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Clients' and carers' experiences of an Early Intervention for Psychosis Service

Woolley, Jessica 2012. Clients' and carers' experiences of an Early Intervention for Psychosis Service. ClinPsy Thesis, Cardiff University.
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Early Intervention Services (EISs) for Psychosis have developed rapidly over the past decade. They offer support to people aged between 14-35 years of age with a first presentation of psychotic symptoms or during the first three years of psychotic illness. A plethora of research has explored the effectiveness of the EIS approach in terms of clinical outcomes, but few studies have explored clients’ and carers’ experiences of such services. This study focussed on clients’ and carers’ views and experiences of an EIS. Semi-structured interviews were conducted with 13 participants (8 clients and 5 carers) who had been involved with an EIS for at least six months. The data were collected and analysed using a Grounded Theory approach. The analysis suggested that the experiences of participants could be portrayed in terms of three interrelated core categories: i) ‘Engagement’ – comprised of factors that help or hinder engagement with the service; ii) ‘Ongoing involvement’ – comprised of factors that challenge or support continued involvement with the service (and with the client’s recovery); and iii) ‘Towards Independence’ – comprised of factors that help or hinder the process of moving on and the transition from service involvement towards independence. A varied list of personal, staff and service factors appeared to be related to various aspects of the three core categories. Findings from this study are discussed in terms of their clinical implications. It is suggested that the effectiveness of EIS provision might be enhanced by promoting awareness of mental health difficulties and the availability of this type of service, providing training to EIS staff and allied professionals, and encouraging the delivery of interventions targeted specifically at carers. It is suggested that future research could usefully explore the experiences of other people who may play an important role in the lives of those experiencing first episode psychosis, including mental health professionals, siblings and peers.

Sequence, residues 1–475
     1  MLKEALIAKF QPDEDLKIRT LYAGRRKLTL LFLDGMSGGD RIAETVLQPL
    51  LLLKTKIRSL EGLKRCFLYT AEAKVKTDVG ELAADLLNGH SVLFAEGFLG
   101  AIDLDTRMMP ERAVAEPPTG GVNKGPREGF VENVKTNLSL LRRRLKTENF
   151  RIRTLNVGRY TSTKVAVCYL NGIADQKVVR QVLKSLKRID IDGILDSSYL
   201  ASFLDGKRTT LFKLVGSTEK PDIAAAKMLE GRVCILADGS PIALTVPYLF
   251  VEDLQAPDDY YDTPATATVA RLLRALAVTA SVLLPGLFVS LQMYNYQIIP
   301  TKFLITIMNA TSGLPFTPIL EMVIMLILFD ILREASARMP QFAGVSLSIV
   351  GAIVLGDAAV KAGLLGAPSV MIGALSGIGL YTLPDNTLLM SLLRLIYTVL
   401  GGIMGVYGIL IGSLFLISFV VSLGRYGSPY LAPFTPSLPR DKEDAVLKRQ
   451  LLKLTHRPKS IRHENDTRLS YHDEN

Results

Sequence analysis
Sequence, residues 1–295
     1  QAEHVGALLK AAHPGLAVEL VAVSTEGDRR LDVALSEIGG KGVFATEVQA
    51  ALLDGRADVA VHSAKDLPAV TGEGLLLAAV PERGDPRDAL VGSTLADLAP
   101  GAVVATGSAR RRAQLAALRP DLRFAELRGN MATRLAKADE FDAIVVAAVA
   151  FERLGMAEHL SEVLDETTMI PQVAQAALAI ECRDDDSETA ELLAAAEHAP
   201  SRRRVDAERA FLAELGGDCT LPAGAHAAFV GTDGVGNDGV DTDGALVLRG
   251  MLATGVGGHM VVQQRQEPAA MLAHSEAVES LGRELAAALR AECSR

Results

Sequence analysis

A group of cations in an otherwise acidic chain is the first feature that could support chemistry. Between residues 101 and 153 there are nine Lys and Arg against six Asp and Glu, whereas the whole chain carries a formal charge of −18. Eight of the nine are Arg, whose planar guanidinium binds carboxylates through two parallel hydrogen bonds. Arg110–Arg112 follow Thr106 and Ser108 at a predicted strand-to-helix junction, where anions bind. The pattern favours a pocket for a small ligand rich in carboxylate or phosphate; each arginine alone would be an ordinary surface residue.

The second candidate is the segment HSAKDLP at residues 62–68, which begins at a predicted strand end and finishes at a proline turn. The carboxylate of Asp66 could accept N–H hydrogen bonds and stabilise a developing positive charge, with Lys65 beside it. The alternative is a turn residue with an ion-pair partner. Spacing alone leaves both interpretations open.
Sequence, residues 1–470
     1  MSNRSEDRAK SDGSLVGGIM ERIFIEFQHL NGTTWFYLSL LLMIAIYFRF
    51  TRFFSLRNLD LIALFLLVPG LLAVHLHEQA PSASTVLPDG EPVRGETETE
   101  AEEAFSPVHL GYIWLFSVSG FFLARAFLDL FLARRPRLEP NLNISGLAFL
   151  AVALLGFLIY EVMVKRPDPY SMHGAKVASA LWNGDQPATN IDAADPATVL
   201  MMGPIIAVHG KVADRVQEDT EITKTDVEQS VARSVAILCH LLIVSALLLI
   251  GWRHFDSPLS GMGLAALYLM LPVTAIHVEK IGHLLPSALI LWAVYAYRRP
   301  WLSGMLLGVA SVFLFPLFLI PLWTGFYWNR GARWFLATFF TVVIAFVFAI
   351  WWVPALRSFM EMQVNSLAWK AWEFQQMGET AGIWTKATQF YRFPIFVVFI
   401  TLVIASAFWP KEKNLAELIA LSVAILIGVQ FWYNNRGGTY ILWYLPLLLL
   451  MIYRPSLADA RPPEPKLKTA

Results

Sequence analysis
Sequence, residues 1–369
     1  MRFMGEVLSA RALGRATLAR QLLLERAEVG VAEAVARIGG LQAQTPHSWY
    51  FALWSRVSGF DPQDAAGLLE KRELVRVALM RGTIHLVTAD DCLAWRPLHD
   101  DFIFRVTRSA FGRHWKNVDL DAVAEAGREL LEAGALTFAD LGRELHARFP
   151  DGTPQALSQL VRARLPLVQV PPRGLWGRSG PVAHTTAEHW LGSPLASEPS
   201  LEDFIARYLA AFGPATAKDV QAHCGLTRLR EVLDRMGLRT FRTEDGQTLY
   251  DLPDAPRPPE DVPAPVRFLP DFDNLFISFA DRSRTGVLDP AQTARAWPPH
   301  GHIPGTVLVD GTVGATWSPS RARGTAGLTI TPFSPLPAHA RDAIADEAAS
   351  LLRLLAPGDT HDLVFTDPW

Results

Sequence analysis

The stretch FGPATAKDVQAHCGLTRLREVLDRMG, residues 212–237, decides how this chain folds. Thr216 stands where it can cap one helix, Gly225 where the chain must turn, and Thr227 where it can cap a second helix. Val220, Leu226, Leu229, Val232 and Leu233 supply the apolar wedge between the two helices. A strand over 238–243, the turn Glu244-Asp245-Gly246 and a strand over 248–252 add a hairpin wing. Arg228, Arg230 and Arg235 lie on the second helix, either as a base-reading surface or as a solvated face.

Item Type: Thesis (DClinPsy)
Status: Unpublished
Schools: Psychology
Subjects: B Philosophy. Psychology. Religion > BF Psychology
Date of First Compliant Deposit: 30 March 2016
Last Modified: 19 Mar 2016 23:05

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